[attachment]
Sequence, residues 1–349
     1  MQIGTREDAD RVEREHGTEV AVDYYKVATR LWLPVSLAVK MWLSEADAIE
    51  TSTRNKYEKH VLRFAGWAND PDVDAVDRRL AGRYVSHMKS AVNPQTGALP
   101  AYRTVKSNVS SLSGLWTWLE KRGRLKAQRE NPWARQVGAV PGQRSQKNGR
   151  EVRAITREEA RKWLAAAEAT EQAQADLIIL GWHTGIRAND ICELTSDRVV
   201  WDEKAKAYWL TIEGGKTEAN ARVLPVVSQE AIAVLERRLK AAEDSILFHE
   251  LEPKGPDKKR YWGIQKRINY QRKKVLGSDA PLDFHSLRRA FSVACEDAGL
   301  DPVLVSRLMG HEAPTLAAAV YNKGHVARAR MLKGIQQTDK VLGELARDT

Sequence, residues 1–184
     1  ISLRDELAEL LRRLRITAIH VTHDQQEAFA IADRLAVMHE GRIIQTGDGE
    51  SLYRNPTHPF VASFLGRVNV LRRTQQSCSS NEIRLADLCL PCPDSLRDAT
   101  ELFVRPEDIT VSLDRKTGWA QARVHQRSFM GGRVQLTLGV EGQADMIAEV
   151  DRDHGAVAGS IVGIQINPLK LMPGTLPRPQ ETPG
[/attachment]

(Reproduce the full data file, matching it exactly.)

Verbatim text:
Sequence, residues 1–349
     1  MQIGTREDAD RVEREHGTEV AVDYYKVATR LWLPVSLAVK MWLSEADAIE
    51  TSTRNKYEKH VLRFAGWAND PDVDAVDRRL AGRYVSHMKS AVNPQTGALP
   101  AYRTVKSNVS SLSGLWTWLE KRGRLKAQRE NPWARQVGAV PGQRSQKNGR
   151  EVRAITREEA RKWLAAAEAT EQAQADLIIL GWHTGIRAND ICELTSDRVV
   201  WDEKAKAYWL TIEGGKTEAN ARVLPVVSQE AIAVLERRLK AAEDSILFHE
   251  LEPKGPDKKR YWGIQKRINY QRKKVLGSDA PLDFHSLRRA FSVACEDAGL
   301  DPVLVSRLMG HEAPTLAAAV YNKGHVARAR MLKGIQQTDK VLGELARDT

Sequence, residues 1–184
     1  ISLRDELAEL LRRLRITAIH VTHDQQEAFA IADRLAVMHE GRIIQTGDGE
    51  SLYRNPTHPF VASFLGRVNV LRRTQQSCSS NEIRLADLCL PCPDSLRDAT
   101  ELFVRPEDIT VSLDRKTGWA QARVHQRSFM GGRVQLTLGV EGQADMIAEV
   151  DRDHGAVAGS IVGIQINPLK LMPGTLPRPQ ETPG